What is "permanently scheduling" fentanyl-related substances and analogues, and why is it so important?

Fentanyl is an opioid pain medication used in healthcare that is a Schedule II controlled substance. Because it is easy to synthesize,  it has become a highly trafficked drug during the opioid crisis. Since at least 2015, criminals have been making fake pills with fentanyl that have cost an enormous number of lives. Rogue chemists that supply fentanyl evade law enforcement by making tiny changes to fentanyl molecules to come up with versions that aren't scheduled as controlled substances. (Controlled substances are defined by their molecular structure.) These variations are called “fentanyl analogues” or “fentanyl related substances” (FRS).

Watch our 2-minute video about scheduling fentanyl analogues.

As fentanyl analogues became popular with criminals, the DEA asked Congress to temporarily schedule all of them as controlled substances also. That temporary scheduling ends on October 22, 2021. If it expires, law enforcement and public health experts will be caught in a cat-and-mouse game with criminals: criminal chemists are looking for new, unscheduled analogues so they can continue to sell their substances with less fear of prosecution.

In advance of the October 22, 2021 expiration, the White House Office of National Drug Control Policy (ONDCP) presented a proposal to permanently schedule all fentanyl analogues as Schedule I while addressing the competing needs of medical researchers, the issue of descheduling fentanyl analogues that do not function as opioids, and the inequities of weight-based trafficking penalties.

We at the Partnership for Safe Medicines stand with our law enforcement partners, family advocates, and legislators in their efforts to ensure prosecution of criminals dealing these substances. We believe that permanently scheduling fentanyl-related substances and analogues – both specific and broad - is an important and vital policy tool in the fight against fentanyl-laced counterfeit medicines.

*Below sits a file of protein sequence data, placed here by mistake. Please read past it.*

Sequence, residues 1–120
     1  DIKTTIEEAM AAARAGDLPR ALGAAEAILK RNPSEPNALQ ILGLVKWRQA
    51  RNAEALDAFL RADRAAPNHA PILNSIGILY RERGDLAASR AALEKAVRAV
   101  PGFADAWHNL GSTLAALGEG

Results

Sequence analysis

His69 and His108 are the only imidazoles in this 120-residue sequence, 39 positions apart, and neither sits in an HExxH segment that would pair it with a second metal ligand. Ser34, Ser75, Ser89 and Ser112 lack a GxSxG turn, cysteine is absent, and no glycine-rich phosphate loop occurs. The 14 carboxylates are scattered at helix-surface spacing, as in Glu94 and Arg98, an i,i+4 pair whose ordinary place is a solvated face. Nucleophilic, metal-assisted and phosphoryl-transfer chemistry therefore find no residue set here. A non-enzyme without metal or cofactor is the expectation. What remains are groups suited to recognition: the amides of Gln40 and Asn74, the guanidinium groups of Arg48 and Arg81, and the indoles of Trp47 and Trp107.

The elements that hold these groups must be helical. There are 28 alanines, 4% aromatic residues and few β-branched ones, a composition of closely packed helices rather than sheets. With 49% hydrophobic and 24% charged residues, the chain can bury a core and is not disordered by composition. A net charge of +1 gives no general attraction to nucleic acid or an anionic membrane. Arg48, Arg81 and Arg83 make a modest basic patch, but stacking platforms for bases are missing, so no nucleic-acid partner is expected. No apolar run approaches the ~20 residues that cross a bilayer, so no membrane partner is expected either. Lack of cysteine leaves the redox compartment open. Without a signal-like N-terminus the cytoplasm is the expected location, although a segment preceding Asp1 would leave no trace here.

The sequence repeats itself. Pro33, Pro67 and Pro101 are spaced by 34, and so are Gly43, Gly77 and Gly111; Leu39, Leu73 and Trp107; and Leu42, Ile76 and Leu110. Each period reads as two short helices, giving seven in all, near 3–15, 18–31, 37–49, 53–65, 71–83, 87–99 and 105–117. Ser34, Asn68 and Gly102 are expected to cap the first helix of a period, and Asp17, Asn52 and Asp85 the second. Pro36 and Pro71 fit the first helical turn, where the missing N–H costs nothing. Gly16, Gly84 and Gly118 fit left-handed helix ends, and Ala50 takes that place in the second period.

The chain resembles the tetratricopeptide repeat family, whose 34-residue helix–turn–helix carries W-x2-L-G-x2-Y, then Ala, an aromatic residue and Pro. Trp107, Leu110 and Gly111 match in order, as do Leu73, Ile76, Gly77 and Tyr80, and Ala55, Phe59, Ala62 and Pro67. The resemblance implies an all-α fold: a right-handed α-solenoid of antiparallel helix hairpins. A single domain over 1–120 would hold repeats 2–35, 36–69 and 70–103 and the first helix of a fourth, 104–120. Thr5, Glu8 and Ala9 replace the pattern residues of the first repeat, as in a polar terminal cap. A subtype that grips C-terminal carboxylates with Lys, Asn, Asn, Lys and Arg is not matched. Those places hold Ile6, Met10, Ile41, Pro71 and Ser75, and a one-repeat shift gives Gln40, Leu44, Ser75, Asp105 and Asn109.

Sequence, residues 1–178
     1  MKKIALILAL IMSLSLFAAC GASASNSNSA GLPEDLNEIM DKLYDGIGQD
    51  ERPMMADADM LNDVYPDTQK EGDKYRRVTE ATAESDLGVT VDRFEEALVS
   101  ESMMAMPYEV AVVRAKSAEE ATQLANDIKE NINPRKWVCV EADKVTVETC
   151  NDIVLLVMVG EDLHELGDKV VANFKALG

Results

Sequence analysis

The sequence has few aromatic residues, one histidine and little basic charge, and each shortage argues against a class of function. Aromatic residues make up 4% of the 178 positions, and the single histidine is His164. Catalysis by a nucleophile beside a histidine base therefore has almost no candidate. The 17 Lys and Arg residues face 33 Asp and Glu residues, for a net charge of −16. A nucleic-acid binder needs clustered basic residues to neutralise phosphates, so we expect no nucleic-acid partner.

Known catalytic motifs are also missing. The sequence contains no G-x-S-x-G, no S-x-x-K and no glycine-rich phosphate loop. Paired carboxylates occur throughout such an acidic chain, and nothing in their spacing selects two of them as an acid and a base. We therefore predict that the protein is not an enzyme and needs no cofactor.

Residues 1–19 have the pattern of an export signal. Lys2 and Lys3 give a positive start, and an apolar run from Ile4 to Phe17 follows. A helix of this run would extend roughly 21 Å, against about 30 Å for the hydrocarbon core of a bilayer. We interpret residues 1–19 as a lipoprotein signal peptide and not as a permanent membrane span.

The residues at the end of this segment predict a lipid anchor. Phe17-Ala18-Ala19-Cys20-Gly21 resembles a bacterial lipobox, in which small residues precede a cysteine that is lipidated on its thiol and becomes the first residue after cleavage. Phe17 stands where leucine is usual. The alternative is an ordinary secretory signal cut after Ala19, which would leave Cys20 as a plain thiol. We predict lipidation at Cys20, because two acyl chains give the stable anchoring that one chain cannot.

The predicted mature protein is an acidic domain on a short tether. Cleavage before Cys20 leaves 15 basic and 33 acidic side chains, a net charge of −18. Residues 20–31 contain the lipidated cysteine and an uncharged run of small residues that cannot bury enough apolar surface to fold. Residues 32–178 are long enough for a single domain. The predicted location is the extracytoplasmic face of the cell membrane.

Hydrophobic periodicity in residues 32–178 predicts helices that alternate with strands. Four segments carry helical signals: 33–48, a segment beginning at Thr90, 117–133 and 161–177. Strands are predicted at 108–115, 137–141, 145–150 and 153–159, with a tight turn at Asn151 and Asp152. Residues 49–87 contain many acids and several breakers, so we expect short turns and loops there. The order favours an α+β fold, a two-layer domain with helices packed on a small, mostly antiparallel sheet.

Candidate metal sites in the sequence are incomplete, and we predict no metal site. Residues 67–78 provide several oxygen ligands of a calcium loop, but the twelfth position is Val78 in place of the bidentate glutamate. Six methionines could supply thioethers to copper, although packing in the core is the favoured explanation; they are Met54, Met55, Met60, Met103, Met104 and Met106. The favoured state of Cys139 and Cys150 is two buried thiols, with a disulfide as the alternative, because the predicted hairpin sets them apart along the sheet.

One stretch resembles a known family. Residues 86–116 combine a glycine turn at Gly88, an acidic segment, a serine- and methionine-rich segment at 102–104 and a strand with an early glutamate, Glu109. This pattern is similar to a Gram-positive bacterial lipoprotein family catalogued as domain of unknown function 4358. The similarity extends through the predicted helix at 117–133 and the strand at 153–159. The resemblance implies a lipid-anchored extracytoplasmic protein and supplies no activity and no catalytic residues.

How does the ONDCP propose to address permanent class-wide fentanyl scheduling?

To balance the competing interests of law enforcement, medical research, and advocates for criminal justice reform, the ONDCP suggests:

  • Permanently placing all fentanyl analogues in Schedule I.
  • Removing mandatory minimum penalties based on the quantity of fentanyl analogues trafficked. (Minimums would still apply in cases that involve prior convictions, death, or serious bodily harm.)
  • Streamlining a process for the Department of Health and Human Services (HHS) to deschedule analogues that have no opioid effect.
  • Ensuring that federal courts can vacate or reduce sentences of individuals prosecuted for analogues that are later descheduled.
  • Creating a simplified process for medical researchers to obtain permission to work with Schedule I substances, including fentanyl analogues.
  • Analyzing the effectiveness of classwide scheduling.